To mark the annual beer slowdown, I figure I should cover the bourbons that I procured during previous slowdowns. As you know (because, surely, you are an obsessive observer of this blog), beer is generally my beverage of choice, but when that’s not on the docket, I tend towards bourbon or wine. Every year, I purchase a few bourbons, but the bottles generally last quite a while, so I tend to review them the year after purchase.
What we’re covering today are two well known, respected but widely available bourbons, and two smaller batch, higher octane releases.
Four Roses Small Batch Select – This is a regular release from Four Roses and differs from the regular small batch with a higher proof and by leveraging a different blend of Four Roses’ famous variety of recipes (a blend of 6 recipes versus 4 in the regular small batch, and only 2 recipes are the same between them). It’s the most expensive of the core Four Roses lineup, but it’s easily the best offering of that group and indeed, compares favorably to some of the single barrel cask strength releases I’ve snagged.
Pours a standard bourbon orangish brown, moderate legs. Smells great, a big wallop of baking spices, cinnamon, less of that bubblegum character I get out of all Four Roses, and some standard oak, vanilla, and caramel character. Taste follows the nose, dusty oak, vanilla, caramel, baking spices, and so on. Mouthfeel is medium to full bodied, well rounded and balanced, the proof is substantial but not hazmat levels. Overall, a rock solid, complex but uncomplicated sipper that might not blow people’s socks off, but I can’t imagine someone not enjoying this. B or B+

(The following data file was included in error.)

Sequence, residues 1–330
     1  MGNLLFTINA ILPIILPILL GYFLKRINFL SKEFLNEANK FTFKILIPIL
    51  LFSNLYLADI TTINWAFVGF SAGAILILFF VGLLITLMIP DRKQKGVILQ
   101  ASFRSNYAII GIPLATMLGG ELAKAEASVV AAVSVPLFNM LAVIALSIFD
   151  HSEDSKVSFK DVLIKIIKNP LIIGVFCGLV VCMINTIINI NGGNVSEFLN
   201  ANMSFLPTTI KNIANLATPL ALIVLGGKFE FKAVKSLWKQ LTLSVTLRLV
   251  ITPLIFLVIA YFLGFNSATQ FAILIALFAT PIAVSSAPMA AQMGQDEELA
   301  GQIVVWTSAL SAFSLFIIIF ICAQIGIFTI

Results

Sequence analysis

Bourbon Nerd Details: 104 Proof, 52% ABV bottled (750 ml). Drank out of a glencairn glass on 3/12/22 (and several times thereafter). Vintage 2022. NAS (6+ years).
Beer Nerd Musings: I’ve already reviewed enough Four Roses bourbons to have covered the immediate bases when it comes to beer, and I haven’t seen much in the way of Four Roses barrels specifically called out of late. Of course, there aren’t any beers specifically aged in Small Batch Select barrels… because it’s a blend. To my knowledge, no one has specified which Four Roses recipe was used for the barrel they’re aging beer in, and frankly that seems like the differences between recipes would get obliterated by aging a big beer in it (but hey, if someone released a series of 10 beers, each aged in a different Four Roses recipe barrel… I’d probably try at least a few of them).
Fellow Travelers: Josh at The Whiskey Jug had largely similar thoughts, while fellow beer dork Alex at Dontdrinkbeer was a little more mixed, but ultimately positive (it’s “mad deece”). signde rated a tad lower, but was mostly positive. Bangers and Mash expected a bit more for the price, but again seems in line with everyone else.
Old Forester 1920 Prohibition Style Whiskey – Last year, I was in the mood to branch out a little and try something from a distillery I hadn’t had anything from before, and this thing seemed to be getting rave reviews from lots of folks a while back (again, bear in mind that I’m a beer dork, so I’m usually quite behind the times when it comes to whiskey) and while it’s a tad pricey, it is widely available and not something you’ll see gouged or bunkered. There’s some marketing fluff around its origins in prohibition practices, but the upshot is that it’s the highest proof of the standard Old Forester line… and thus the most expensive.